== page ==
Resistance: Retribution Review

retribution-review

Just try and resist...

Title Resistance: Retribution
Rating M Mature
Publisher Sony Corporation
Release Date March 17, 2009
Composer Garry Schyman
Platform Playstation Portable (PSP)
Modes Single player, Multiplayer (8 players max)
Developer Sony Bend

This volume of the Resistance story takes place in the weeks after the fall of the Chimeran toiwer at the end of Resistance: Fall of Man.  The primary character is James Grayson, who is a British Royal Marine, who is forced to hill his brother Jonny inside a Chimeran conversion center.  After these events James goes AWOL and enters into his own personal vendetta agains the aliens and sets out to destroy every conversion center he can find.  Consequently, James is captured and thrown into a military prison for his disertion.

James is rescued from military prison from the Maquis (the European Resistance), in exchange for his help.  James reluctantly joins Operation Overstrike to retake the Europe from the Chimera.

After this lengthy story setup, James and team parachute into a war-torn area that’s overflowing with Chimera.  The first level serves as a training level, as the game pauses and shows how to perform certain maneuvers as the need arises.  For example, at the very beginning, you must escape downstairs, but a large chest is in the way.  The game pauses as you approach and tells you what you need to do to clear the path by pushing the furniture downstairs.  Once on the lower level, you must take cover behind an overturned table.  The game again pauses and informs you of its automatic snap-to cover system.  Other instructions on game dynamics appear throughout the level, like how to zoom, how to use the auto-aim feature (which is a godsend on a system with only one analog stick), how to switch weapons, and other actions.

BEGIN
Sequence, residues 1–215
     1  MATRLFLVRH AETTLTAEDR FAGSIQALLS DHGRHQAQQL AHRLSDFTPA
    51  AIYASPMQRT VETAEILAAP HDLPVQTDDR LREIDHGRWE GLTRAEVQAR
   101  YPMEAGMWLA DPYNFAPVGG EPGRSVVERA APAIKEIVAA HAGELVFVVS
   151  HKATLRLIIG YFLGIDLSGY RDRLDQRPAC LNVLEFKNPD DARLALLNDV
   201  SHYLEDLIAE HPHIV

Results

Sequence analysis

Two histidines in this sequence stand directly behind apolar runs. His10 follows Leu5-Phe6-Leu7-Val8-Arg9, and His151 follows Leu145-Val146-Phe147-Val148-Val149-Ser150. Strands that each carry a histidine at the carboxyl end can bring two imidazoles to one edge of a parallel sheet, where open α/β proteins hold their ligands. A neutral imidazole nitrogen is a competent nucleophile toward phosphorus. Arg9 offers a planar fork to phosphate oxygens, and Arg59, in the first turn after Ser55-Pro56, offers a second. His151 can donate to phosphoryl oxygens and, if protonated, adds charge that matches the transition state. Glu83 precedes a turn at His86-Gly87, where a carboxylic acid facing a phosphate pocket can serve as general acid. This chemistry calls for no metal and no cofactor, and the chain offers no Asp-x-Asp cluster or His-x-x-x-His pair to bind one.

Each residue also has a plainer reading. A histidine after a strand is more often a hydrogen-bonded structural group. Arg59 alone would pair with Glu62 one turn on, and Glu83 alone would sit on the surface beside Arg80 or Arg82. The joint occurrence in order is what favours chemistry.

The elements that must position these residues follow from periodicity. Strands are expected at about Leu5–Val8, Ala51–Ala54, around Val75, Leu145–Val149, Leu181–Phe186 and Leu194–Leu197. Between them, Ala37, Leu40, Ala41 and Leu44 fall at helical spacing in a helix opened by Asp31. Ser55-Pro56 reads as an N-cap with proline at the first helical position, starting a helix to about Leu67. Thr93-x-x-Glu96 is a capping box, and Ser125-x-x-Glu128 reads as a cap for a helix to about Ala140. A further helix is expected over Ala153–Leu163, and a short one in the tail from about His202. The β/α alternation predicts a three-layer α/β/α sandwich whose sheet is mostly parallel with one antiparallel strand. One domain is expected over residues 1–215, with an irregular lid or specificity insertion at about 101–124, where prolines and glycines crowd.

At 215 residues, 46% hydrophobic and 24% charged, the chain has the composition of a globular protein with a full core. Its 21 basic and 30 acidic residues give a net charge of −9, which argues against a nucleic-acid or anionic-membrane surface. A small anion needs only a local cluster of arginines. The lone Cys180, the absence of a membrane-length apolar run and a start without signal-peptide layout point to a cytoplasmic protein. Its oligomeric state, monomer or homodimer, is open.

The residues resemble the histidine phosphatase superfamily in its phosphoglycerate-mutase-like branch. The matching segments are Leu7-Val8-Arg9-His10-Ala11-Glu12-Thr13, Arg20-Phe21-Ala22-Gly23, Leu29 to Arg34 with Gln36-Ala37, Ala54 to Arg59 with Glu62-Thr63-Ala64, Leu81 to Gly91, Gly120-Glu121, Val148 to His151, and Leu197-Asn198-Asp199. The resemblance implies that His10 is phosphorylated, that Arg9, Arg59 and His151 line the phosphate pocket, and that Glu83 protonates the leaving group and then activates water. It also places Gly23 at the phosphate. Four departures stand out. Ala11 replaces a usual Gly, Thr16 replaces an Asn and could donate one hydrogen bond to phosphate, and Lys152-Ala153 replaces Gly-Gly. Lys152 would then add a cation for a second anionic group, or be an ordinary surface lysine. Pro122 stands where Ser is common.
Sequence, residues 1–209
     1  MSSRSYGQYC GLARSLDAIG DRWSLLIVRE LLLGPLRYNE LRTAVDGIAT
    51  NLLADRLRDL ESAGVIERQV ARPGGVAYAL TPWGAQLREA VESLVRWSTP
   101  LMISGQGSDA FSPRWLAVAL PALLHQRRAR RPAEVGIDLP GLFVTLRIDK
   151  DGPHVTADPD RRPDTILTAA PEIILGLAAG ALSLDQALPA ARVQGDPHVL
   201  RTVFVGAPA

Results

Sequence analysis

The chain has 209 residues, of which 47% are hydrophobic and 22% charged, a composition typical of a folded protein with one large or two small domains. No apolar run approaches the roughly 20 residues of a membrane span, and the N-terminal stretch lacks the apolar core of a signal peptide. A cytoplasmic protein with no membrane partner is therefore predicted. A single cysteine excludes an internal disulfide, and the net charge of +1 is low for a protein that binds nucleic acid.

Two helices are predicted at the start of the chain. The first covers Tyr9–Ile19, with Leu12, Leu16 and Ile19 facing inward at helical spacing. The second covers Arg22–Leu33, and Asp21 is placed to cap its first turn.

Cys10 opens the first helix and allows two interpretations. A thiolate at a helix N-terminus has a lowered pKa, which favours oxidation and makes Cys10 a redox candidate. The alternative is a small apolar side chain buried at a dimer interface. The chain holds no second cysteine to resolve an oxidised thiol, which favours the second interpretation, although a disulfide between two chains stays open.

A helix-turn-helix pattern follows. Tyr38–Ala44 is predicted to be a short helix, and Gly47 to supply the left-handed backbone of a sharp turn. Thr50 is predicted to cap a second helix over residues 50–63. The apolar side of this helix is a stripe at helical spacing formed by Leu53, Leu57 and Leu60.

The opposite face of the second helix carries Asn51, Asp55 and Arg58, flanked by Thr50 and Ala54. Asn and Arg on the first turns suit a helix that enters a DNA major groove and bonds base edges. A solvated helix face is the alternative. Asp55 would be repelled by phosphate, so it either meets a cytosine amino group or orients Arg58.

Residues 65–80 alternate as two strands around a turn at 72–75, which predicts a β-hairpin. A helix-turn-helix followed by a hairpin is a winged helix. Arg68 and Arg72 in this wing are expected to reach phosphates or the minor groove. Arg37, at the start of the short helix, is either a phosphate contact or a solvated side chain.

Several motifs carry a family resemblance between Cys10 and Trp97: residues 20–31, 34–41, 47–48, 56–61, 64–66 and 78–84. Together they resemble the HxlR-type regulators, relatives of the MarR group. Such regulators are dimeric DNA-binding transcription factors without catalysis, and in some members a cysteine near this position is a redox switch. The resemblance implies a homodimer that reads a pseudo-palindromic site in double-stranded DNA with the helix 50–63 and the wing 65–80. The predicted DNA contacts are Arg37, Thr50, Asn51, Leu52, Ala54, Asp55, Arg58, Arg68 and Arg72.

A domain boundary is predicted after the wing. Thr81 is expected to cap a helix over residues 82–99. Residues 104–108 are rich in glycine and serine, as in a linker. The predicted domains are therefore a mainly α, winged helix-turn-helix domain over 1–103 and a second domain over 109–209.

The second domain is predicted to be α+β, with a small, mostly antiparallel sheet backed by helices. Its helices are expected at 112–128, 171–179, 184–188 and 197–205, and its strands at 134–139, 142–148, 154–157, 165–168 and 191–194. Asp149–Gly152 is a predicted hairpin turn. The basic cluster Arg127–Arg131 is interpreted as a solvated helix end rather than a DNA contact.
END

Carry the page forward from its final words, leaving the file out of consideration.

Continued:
Controls
The game is controlled like another popular PSP FPS: Syphon FIlter.  As a matter of fact, Retribution uses a modified Syphon Filter: Logan’s Shadow engine.  Shooters are typically controlled either with a mouse and keyboard, or with two analog sticks.  One stick controls movement, while the other controls freelook.  The PSP only has one analog stick, so that is assigned to movement.  Freelook is handled using the four primary buttons.  Special actions like jumping over cover and changing weapons and managed from the D-pad.  That leaves the Right and Left shoulder buttons for Primary Fire and Secondary Fire, respectively.  You can cycle through weapons by pressing the Right D-pad, or can bring up a quick-select menu by holding the button down for a second.

This compromise in FPS controls is the best that the PSP can do, but trying to hone in on enemies is very difficult.  Like the dumb kid in an AP class, the game adjusts its “grade scale” for the slower control scheme.  Enemies pretty much stay put, move in a linear fashion, rush straight for you, and the game employs a great “auto-target” mechnism.  There may be several enemies on the screen at one time, and an orange target appears over potential enemies, while a red one appears over the “active” target.  Once that enemy has fallen, the system then selects another target for you.  You can, of course, change your active target with a press of the D-pad.  You can zoom in with your weapon, but that forfeits the auto-targeting system, and you must hone-in on your enemy using the four main buttons.